Recognition of depression by primary care clinicians in rural Ethiopia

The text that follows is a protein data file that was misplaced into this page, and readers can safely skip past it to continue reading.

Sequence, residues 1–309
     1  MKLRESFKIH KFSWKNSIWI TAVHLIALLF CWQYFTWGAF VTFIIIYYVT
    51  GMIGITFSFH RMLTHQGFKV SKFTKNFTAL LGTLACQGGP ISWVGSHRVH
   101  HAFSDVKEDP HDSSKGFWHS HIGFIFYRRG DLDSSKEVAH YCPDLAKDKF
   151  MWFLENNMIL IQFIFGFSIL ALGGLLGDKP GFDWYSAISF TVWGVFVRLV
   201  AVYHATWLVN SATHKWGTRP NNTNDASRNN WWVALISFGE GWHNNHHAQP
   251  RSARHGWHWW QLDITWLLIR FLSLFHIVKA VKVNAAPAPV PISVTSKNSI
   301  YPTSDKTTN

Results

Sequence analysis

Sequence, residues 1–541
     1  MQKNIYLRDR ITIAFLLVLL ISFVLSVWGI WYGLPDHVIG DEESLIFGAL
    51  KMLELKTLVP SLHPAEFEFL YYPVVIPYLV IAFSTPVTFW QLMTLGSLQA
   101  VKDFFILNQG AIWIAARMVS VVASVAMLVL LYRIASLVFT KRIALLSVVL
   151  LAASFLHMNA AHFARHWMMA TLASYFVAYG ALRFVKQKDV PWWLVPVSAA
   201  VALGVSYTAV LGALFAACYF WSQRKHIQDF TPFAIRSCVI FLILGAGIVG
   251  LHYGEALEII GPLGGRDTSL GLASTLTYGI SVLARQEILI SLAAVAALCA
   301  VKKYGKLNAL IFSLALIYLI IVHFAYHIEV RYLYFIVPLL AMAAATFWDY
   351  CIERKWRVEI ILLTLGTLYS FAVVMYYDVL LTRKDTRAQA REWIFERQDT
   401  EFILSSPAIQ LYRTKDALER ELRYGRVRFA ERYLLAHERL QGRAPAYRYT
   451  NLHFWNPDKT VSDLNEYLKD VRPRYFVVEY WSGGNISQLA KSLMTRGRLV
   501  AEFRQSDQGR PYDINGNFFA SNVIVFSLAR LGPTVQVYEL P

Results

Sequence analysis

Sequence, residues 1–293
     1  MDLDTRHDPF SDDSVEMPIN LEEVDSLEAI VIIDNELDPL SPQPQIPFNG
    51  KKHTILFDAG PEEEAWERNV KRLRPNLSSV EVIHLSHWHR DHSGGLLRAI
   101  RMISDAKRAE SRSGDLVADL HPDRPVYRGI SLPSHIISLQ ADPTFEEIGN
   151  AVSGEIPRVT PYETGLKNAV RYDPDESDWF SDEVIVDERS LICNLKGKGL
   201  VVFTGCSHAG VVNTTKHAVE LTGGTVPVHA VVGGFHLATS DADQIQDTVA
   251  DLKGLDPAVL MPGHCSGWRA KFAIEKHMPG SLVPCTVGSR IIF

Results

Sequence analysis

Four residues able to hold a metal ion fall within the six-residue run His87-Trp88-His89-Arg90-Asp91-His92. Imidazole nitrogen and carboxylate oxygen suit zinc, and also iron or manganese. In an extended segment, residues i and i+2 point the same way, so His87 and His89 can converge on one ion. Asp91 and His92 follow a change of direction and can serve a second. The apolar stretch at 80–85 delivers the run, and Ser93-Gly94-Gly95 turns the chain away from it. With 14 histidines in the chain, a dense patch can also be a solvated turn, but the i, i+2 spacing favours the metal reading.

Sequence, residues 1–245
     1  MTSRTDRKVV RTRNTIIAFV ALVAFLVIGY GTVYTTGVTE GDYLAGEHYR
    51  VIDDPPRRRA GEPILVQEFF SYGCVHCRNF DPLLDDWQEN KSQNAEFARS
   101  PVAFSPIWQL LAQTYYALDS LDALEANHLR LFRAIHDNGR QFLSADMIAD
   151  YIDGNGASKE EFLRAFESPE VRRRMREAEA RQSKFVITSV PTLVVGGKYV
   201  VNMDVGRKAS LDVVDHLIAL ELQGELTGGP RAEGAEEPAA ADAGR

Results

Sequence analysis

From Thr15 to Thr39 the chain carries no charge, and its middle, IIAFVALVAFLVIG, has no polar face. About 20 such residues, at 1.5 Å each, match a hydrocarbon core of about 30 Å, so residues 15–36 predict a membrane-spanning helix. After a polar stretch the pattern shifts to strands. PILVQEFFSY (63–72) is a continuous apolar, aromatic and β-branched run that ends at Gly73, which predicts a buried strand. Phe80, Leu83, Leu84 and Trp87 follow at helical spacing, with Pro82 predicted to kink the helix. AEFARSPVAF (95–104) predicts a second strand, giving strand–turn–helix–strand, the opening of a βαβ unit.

Background: Depression is a common health condition affecting up to a third of patients attending primary care, where most of the care for people with depression is provided. Adequate recognition of depression is the critical step in the path to effective care, particularly in low income countries. As part of the Programme for Improving Mental healthcare (PRIME), a project supporting the implementation of integrated mental healthcare in primary care, we evaluated the level of recognition of depression by clinicians working in primary care in rural Ethiopia prior to in service training. We hypothesised that the detection rate of depression will be under 10% and that detection would be affected by gender, education and severity of depression. Methods: Cross-sectional survey in eight health centres serving a population of over 160,000 people. A validated version of the 9-item patient health questionnaire (PHQ-9) was administered as an indicator of probable depression. In addition, primary care clinicians completed a clinician encounter form. Participants were consecutive primary care attendees aged 18 years and above. Results: A total of 1014 participants were assessed. Primary care clinicians diagnosed 13 attendees (1.3%) with depression. The PHQ9 prevalence of depression at a cut-off score of ten was 11.5% (n = 117), of whom 5% (n = 6/117) had received a diagnosis of depression by primary care clinicians. Attendees with higher PHQ scores and suicidality were significantly more likely to receive a diagnosis of depression by clinicians. Women (n = 9/13) and participants with higher educational attainment were more likely to be diagnosed with depression, albeit non-significantly. All cases diagnosed with depression by the clinicians had presented with psychological symptoms. Conclusion: Although not based on a gold standard diagnosis, over 98% of cases with PHQ-9 depression were undetected. Failure of recognition of depression may pose a serious threat to the scale up of mental healthcare in low income countries. Addressing this threat should be an urgent priority, and requires a better understanding of the nature of depression and its presentation in rural low-income primary care settings